Planting rose bushes

Planting rose bushes

The rose flowers in June and July. This used to be the time when everyone went out to buy rose bushes because it was possible to smell the flowers during the flowering season. Nowadays though, you just need to order them from Bakker.com - and the choice is huge!

Unlike most garden centres, Bakker.com sells rose bushes that have been grown on in garden soil but are delivered to you bare rooted. All these outdoor rose bushes have at least 3 strong branches which make them immediately recognisable as A-quality plants, as well as giving you the best guarantee of a healthy root system, excellent flowering and full growth.

Start with perfect garden soil

Roses like permeable, humus-rich and fertile, slightly limey soil. Before you plant your rose bushes, loosen the soil with a spade. Soil that is too wet can be very detrimental to your rose bush developing properly. This also applies to dry and sandy soil. Whatever type of soil, it is advisable to dig a large hole and add some special rose potting compost. Keep your rose bushes strong and healthy with rose fertiliser containing trace elements (low nitrogen content plus sufficient magnesium and potassium). If you really want to follow the textbook, cultivate the soil in spring and work well-rotted manure through the soil. Then the soil will be perfect for planting roses in the autumn.

Planting rose bushes

Rose bushes in the garden

You can plant rose bushes in the garden from mid-October to the end of April – just the time when Bakker.com supplies and delivers them. It’s not a problem to plant in the winter months, as long as there is no frost, or snow on the ground. The advantage of planting late in the year is that your rose bush will have all winter to develop a strong root system and will flower the following spring.

All roses have one thing in common – they love an airy and sunny spot. Apart from that, each variety has its own preferences. For instance, large tea roses like full sun while ground cover rose bushes will be happy enough in partial shade. Among botanical rose bushes however, there are some varieties that will only thrive in shade. Watch out too for the roots of nearby trees as they tend to take all the moisture and nutrients from the soil, making them rivals of your rose bush. Bakker.com provides information on the packaging regarding your rose bush’s planting preferences and best location to make it as easy as possible for you.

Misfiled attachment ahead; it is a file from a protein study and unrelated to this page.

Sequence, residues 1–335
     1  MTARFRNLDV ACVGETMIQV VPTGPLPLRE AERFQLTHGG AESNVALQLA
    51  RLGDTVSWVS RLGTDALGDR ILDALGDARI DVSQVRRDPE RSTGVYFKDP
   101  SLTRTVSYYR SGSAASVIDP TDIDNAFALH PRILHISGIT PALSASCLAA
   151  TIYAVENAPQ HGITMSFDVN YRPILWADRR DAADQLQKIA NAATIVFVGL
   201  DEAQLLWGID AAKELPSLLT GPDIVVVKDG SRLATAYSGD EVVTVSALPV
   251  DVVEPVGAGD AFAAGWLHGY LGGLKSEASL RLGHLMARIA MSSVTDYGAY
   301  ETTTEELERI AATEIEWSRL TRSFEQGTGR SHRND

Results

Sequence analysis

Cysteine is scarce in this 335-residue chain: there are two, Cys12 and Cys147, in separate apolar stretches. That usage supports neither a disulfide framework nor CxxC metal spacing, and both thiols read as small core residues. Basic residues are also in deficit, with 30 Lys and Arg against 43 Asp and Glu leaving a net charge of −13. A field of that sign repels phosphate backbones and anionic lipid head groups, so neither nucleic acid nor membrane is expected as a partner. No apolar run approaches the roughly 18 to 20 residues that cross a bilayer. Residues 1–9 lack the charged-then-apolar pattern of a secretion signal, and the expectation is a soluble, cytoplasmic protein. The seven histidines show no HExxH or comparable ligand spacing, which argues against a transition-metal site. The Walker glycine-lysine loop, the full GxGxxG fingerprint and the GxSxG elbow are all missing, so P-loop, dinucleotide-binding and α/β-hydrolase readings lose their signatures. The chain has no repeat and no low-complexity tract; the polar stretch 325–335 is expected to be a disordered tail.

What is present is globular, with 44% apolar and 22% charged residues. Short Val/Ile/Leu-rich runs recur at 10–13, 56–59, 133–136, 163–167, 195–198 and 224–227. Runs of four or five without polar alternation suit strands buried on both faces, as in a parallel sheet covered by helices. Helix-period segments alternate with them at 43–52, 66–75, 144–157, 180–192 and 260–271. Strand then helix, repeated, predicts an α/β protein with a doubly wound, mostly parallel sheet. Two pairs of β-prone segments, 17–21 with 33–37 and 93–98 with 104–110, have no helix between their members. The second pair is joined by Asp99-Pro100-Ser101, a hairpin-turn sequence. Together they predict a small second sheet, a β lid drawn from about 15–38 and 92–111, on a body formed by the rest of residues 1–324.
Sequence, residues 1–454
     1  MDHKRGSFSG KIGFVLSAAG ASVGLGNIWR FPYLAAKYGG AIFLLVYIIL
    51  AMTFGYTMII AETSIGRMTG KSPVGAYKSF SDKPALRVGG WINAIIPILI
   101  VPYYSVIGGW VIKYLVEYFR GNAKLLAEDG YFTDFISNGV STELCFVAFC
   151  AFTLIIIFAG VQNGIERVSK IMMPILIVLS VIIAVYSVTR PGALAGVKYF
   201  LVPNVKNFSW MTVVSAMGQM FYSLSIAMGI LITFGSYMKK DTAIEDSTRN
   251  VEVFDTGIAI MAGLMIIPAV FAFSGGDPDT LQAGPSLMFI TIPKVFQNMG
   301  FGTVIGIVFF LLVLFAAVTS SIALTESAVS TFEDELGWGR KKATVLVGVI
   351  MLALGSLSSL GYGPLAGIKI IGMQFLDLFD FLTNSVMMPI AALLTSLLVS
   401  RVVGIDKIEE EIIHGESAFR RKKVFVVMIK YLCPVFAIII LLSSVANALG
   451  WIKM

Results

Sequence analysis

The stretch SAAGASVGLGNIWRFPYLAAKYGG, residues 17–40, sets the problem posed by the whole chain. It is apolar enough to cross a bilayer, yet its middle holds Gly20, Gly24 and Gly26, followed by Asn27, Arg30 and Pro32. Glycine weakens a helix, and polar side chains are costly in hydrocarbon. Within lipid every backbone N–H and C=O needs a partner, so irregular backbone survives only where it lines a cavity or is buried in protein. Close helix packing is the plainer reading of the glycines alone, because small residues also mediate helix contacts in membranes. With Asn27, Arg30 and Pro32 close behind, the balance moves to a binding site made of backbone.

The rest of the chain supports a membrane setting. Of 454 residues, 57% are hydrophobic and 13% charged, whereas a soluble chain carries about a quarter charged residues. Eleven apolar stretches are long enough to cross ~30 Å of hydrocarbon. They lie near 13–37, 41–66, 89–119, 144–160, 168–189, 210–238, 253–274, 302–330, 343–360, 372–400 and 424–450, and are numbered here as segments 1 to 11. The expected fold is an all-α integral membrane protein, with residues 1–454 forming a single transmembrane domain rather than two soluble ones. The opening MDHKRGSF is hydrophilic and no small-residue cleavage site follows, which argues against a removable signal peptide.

how to plant rose bushes

Upon arrival, the roots may look a little shrivelled, so it’s always best to drench them in a bucket of lukewarm water overnight prior to planting. Prepare the soil first, digging your hole deep and wide enough to include the roots in their natural spread without having to bend them – they need to remain spread out. Plant at the right depth – the grafting point (the thicker part on the stem where it branches out) is frost sensitive so it needs to be 3-5 cm under soil level. Shake the rose carefully when filling the hole to ensure as much soil is in between the roots as possible. Improve the soil with some well-rotted manure and garden compost and fill the hole with it. Heel well in and water generously. Earth up around the base to get the rose bush through the winter.

Rose bushes in nursery pots

Rose bushes delivered in a nursery pots can be planted at almost any time of year, except during periods of frost – always wait until all the chance of frost has passed. Soak your rose bush in a bucket of lukewarm water for half an hour prior to planting. Dig a spacious hole and always loosen the soil thoroughly with a fork. Remove the rose bush from its nursery pot and plant it at the right depth:

  • Roses with a grafting point and grown in nursery pots have a frost sensitive grafting point to take into account (the thick part where it branches out). This should be planted about 3-5cm below soil level. Fill up with improved soil, press well in and water generously. Earth up around the base of the plant as extra frost protection for the grafting point.